Sunday, March 3, 2019

The ultimate formative feedback? Tales from the whiteboard classroom.

The idea is extremely (and deceptively) simple: Cover your classroom with whiteboards, then think about how to get students to spend most of their time standing at the whiteboards, rather than sitting at a desk listening to you talk from the front.

A "fish eye" view of my whiteboard classroom - Dec 2017. 
There are 7 whiteboards (not all are shown here) and the room comfortably fits 16 students, and 24 at a pinch. In mid 2018 I removed half the desks to make more space.

This was the challenge posed to me by Tricia Forester (University of Wollongong) at the 2017 MANSW Conference, referencing the "Building Thinking Classrooms" work of Peter Liljedahl.  Well actually, Tricia was more clever than that - she posed interesting maths problems to groups of teachers, providing a "vertical non-permanent surface" space to try it out.  It didn't take long to see the power. When I got back to school, my principal gave me permission to try it out for real, transforming a smallish classroom no-one really liked into a fully fledged whiteboard room with 7 large boards.

It's now been nearly one and half years that I've been working in a whiteboard room for my senior classes (unfortunately I can't fit 30 junior class students in the room) and there's no looking back! There are many things to share about the experience and why it supports such powerful learning, but for now I'll confine myself to a few big ideas.

The power of the whiteboard room is the way it provides continuous formative feedback - to both the teacher and the student. In fact, for the teacher, it's overwhelming - you will be bombarded by feedback. You instantly see what students can and cannot do, you see the approaches they take and you hear many simultaneous conversations discussing the problem. For the whole lesson. It's almost too much feedback. In the whiteboard room, we have a "live stream" answer to the "How do I know what my students learned?" question. I don't have to give them a diagnostic test every day - I can see it every minute. This continuous formative feedback allows me to dynamically alter the lesson according to needs of the students. It's a bit of a high-wire act some days, and often full of unexpected surprises, but it makes for exciting and rewarding lessons that students really enjoy and demonstrably produces learning. I'll write some more soon about the strategies I've developed to dynamically respond to so much continuous feedback.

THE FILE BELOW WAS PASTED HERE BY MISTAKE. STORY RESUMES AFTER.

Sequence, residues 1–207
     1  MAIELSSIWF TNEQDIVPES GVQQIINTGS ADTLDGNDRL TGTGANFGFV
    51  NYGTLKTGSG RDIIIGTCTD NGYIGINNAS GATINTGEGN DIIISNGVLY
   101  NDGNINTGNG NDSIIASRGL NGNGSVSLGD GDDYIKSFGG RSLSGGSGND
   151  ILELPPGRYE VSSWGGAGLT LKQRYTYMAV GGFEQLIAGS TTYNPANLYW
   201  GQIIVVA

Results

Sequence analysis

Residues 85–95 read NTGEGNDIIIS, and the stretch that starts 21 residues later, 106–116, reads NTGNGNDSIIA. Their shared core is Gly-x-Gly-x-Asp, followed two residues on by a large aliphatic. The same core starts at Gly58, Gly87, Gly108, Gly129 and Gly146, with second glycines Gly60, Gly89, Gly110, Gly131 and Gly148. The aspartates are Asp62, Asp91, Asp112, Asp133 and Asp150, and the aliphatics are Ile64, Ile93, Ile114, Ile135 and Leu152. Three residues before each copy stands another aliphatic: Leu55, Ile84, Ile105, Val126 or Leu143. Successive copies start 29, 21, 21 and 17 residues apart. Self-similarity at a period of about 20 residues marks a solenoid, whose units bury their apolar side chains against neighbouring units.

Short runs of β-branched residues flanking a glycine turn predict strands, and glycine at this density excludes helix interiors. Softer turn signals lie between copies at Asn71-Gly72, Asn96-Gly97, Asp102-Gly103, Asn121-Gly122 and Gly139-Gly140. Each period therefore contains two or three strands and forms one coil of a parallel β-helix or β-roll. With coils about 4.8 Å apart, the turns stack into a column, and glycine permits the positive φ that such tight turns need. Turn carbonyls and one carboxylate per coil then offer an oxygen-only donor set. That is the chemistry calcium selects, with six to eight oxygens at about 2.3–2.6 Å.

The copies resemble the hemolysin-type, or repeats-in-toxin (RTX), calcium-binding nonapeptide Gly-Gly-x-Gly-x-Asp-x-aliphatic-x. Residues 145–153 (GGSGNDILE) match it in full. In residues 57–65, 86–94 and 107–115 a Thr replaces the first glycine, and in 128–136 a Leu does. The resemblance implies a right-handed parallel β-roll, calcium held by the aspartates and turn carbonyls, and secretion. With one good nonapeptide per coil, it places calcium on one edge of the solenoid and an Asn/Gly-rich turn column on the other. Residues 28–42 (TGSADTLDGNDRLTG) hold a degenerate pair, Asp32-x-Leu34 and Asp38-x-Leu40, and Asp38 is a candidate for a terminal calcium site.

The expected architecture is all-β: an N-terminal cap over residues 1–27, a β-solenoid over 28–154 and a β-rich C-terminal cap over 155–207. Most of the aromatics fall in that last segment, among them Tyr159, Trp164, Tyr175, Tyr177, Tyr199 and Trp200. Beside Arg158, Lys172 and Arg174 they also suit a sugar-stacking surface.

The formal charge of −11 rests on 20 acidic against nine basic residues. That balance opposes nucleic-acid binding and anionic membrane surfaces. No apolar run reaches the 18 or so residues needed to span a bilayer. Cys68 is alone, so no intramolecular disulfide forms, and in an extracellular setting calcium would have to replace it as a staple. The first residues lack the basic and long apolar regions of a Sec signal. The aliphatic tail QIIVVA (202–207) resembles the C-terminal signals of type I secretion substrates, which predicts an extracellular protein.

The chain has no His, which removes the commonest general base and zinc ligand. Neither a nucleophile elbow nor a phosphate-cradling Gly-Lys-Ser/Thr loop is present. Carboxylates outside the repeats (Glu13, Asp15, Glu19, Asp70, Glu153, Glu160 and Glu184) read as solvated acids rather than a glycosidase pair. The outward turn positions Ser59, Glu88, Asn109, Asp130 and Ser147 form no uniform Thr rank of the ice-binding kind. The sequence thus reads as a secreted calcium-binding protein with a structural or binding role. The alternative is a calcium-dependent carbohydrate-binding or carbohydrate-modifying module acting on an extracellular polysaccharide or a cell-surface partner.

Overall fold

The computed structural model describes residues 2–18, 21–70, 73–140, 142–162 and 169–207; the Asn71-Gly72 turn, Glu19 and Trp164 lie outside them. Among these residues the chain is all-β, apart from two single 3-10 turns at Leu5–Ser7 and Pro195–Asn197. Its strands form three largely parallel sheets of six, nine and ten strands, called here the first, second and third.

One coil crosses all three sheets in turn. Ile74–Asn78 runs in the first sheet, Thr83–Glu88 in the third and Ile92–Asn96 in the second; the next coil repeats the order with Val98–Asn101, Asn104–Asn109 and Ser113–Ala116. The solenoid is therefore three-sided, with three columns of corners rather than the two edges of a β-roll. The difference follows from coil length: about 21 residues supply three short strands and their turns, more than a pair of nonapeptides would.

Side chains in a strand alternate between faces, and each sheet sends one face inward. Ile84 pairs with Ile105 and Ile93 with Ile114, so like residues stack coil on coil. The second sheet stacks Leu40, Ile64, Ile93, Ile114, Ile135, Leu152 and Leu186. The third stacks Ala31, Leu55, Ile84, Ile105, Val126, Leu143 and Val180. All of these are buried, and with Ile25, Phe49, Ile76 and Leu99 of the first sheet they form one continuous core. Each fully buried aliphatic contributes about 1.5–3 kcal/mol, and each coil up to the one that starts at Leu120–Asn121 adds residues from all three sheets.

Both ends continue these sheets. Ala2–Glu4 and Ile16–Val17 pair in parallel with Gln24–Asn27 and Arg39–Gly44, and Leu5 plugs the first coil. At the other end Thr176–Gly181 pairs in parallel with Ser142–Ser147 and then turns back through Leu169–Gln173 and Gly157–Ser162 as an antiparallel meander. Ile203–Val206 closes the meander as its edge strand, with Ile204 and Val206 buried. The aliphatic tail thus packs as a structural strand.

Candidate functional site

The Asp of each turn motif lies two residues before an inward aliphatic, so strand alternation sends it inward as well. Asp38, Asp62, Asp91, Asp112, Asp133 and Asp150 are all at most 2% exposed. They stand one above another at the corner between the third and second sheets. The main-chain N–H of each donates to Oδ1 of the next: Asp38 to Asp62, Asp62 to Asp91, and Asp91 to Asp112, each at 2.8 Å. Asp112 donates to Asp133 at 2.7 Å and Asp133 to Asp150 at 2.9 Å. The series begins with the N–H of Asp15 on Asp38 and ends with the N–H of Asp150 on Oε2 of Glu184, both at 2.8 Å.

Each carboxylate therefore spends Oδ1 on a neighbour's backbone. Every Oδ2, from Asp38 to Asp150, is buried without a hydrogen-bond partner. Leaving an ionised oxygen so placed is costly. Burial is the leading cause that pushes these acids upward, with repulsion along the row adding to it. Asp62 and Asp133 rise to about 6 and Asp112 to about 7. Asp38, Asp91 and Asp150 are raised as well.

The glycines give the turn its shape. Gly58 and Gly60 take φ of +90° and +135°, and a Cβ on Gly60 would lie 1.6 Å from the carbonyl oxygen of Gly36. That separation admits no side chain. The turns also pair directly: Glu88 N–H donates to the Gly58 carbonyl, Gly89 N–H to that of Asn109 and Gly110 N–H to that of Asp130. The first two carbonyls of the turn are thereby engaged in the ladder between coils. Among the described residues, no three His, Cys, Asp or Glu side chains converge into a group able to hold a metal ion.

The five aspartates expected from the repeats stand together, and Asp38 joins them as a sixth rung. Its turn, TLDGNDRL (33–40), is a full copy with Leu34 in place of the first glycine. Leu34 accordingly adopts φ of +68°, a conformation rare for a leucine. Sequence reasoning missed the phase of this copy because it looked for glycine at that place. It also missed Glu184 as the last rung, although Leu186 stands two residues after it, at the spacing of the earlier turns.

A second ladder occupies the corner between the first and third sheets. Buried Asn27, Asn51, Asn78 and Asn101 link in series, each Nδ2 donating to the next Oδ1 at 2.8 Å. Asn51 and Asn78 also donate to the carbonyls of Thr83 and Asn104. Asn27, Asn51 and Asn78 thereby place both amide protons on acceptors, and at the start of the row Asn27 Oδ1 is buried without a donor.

Students working in "interleaved" mode on a problem.  The students worked out on their own that harder integration questions are easier done in "parallel" by two students - but they still end up correcting each others work! Different colour markers let me quickly see how (or if)  students are working together.

The student engagement factors at play in the whiteboard room, especially when combined with the Visibly Random Groups technique, are truly astounding. I have seen students who previously had difficulty making friends,  difficulty communicating, who were disengaged, lacked confidence, transformed by the whiteboard room experience. The combination of the social interaction, the risk free "non-permanent" writing surfaces and physical movement in the whiteboard room seems to work magic on students. One day a learning support teacher came into the room and asked a notoriously lazy student why he liked the room so much, he replied "Because I can't sleep in the back of the classroom any more!".  Everyone, without exception, is engaged in the whiteboard room - there's no option to not be involved *.

We also use the whiteboard room for our before school "Year 8 Algebra Workshop" - a weekly session for students who need a little more support with algebra. The whiteboards allow them to work together while developing fluency. The social interaction and support created by the whiteboard room is an essential component of this program which seeks to build confidence and a growth mindset attitude.